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Opinion Letter No. 13-89

Contents of letter

February 23, 1989

Dennis W. Smithmier
Caldwell County Prosecuting Attorney
Caldwell County Courthouse
Kingston, Missouri 64650

Dear Mr. Smithmier:

 This opinion letter is in response to a question submitted by your predecessor asking:

Is an ex-officio county recorder of deeds required by law to record unnotarized documents purporting to cancel a marriage license?

 The powers and duties of an ex-officio county recorder of deeds are largely ministerial. See Attorney General Opinion No. 54, Long, November 28, 1938, a copy of which is enclosed. The recording of deeds and other instruments affecting the title to land is purely a system of legal institution, and not of common right or abstract justice. See Attorney General Opinion No. 83, Smith, April 21, 1939, a copy of which is enclosed.

 In view of the foregoing, the power and duty of the recorder of deeds to record a document extends only to those documents of the type and in the form specifically prescribed by law. There is no provision within the Missouri statutes specifically providing for the recordation of a document purporting to cancel a marriage license. Thus, unless such a document can be determined to fall within some other statutory provision concerning the recording of a class of documents, the county recorder of deeds may not accept such a document for recording. Statutes to be considered include:

 Section 59.330, RSMo 1986, which provides:

59.330. What shall be recorded. - It shall be the duty of recorders to record:

(1) All deeds, mortgages, conveyances, deeds of trust, bonds, covenants, defeasances, or other instruments of writing, of or concerning any lands and tenements, or goods and chattels, which shall be proved or acknowledged according to law, and authorized to be recorded in their offices; ...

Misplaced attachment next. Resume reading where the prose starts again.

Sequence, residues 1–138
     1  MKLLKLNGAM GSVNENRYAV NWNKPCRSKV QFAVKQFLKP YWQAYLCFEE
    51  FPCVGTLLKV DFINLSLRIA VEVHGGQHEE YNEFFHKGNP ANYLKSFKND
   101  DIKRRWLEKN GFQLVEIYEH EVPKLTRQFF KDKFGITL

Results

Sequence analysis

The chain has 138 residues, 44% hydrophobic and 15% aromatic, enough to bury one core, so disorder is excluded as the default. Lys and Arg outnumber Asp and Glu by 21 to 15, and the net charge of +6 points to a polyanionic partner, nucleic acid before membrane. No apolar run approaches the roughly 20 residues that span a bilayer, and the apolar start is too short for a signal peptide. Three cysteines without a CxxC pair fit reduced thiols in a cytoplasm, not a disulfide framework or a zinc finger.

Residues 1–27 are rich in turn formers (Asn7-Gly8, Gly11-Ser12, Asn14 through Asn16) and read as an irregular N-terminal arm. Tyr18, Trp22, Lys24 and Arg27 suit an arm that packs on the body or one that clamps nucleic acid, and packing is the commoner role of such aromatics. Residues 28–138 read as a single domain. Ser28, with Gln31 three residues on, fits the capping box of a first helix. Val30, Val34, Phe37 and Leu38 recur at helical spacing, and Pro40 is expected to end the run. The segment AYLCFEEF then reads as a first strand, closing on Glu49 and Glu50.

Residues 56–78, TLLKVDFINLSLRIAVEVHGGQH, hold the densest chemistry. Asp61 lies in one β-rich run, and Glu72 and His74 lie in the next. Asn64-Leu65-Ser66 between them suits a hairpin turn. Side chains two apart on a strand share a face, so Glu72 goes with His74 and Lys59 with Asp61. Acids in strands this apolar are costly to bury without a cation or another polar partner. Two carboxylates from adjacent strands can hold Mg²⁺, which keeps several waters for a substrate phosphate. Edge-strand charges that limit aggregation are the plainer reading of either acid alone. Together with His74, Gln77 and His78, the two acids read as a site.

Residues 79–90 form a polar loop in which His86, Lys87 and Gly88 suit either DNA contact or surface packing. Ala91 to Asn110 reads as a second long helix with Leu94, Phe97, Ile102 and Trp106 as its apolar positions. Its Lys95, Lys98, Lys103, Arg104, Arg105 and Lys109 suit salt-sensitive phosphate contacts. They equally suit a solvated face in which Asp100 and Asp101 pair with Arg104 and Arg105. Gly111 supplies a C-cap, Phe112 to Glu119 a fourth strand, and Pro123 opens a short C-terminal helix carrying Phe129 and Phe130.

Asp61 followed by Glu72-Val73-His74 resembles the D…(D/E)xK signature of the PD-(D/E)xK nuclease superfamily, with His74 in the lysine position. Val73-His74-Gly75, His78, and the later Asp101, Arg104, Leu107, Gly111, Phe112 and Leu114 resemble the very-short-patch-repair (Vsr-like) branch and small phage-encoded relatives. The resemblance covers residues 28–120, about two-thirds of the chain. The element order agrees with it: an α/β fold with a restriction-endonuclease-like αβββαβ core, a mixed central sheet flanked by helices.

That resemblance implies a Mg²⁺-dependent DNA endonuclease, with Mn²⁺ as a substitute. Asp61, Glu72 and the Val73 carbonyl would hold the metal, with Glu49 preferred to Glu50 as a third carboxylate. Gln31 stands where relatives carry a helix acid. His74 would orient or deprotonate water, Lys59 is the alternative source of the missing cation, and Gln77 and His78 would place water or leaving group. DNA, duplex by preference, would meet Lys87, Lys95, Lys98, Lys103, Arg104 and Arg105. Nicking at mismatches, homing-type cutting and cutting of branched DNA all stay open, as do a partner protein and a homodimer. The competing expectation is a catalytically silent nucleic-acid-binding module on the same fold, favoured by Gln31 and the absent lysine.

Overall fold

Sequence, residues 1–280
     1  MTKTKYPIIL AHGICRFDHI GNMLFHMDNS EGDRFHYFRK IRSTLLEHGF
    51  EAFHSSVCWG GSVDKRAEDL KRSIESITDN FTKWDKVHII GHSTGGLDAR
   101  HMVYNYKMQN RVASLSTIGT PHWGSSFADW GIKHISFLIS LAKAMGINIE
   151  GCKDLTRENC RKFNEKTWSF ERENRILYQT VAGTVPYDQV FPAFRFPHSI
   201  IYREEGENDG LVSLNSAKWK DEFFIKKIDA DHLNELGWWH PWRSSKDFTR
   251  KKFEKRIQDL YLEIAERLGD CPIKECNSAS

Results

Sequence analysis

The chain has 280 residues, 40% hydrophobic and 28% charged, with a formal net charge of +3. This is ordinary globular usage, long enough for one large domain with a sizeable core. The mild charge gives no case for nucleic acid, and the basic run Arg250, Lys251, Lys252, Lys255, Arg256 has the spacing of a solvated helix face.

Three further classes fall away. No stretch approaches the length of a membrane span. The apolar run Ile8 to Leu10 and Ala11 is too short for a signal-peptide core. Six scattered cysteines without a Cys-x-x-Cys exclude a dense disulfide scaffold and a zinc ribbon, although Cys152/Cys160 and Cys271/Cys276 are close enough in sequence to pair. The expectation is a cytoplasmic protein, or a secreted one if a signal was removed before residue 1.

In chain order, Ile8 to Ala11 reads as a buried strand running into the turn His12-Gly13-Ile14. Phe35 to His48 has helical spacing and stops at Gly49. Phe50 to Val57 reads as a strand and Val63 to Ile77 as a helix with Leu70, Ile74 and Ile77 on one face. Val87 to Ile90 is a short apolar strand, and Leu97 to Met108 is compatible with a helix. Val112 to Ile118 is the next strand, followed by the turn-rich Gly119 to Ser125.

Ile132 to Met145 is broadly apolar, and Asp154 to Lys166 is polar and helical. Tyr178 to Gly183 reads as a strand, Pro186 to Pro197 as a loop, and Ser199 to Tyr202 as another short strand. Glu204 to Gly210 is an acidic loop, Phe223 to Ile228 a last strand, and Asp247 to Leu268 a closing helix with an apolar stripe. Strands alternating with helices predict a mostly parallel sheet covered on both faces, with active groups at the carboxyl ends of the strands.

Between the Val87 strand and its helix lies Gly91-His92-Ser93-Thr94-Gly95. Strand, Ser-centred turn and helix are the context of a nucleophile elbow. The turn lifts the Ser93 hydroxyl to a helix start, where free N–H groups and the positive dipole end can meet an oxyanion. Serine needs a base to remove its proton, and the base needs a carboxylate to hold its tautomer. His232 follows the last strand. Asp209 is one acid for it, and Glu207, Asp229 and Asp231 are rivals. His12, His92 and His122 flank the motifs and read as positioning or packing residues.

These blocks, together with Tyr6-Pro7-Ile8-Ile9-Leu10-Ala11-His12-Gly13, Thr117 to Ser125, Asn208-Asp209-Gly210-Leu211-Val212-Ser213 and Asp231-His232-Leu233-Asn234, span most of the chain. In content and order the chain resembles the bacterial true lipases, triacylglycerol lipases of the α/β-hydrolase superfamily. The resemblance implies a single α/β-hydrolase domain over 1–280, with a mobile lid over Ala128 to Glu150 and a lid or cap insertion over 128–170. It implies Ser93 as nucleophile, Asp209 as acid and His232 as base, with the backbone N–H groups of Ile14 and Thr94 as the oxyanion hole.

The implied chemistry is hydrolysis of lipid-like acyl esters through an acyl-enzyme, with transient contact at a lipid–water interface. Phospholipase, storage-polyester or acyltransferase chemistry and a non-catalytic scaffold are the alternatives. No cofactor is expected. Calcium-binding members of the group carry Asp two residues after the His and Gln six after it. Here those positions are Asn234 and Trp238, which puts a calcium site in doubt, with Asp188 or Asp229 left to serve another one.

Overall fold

(2) All papers and documents found in their respective offices, of and concerning lands and tenements, or goods and chattels, and which were received from the Spanish and French authorities at the change of government;

(3) All marriage contracts and certificates of marriage;

(4) All commissions and official bonds required by law to be recorded in their offices;

(5) All written statements furnished to him for record, showing the sex and date of birth of any child or children, the name, business and residence of the father and maiden name of the mother of such child or children.

 Section 451.150, RSMo Supp.1988, which provides:

451.150. Licenses to be recorded - fee. - The recorder shall record all marriage licenses issued in a well-bound book kept for that purpose, with the return thereon, for which he shall receive a fee of ten dollars to be paid for by the person obtaining the same.

 Section 442.380, RSMo 1986, which provides:

442.380. Instruments to be recorded. - Every instrument in writing that conveys any real estate, or whereby any real estate may be affected, in law or equity, proved or acknowledged and certified in the manner herein prescribed, shall be recorded in the office of the recorder of the county in which such real estate is situated.

 In Attorney General Opinion No. 44, Blackwell, March 6, 1964, a copy of which is enclosed, it was decided that death certificates are eligible for recordation under Section 59.330(1). The reasoning of that opinion, however, is not applicable to the document about which you are concerned.

 Because of the absence of a statutory provision providing for the recording of a document such as that about which you are concerned, it is the opinion of this office that the ex-officio recorder of deeds is not required to record the document.

Very truly yours,

William L. Webster
Attorney General

 
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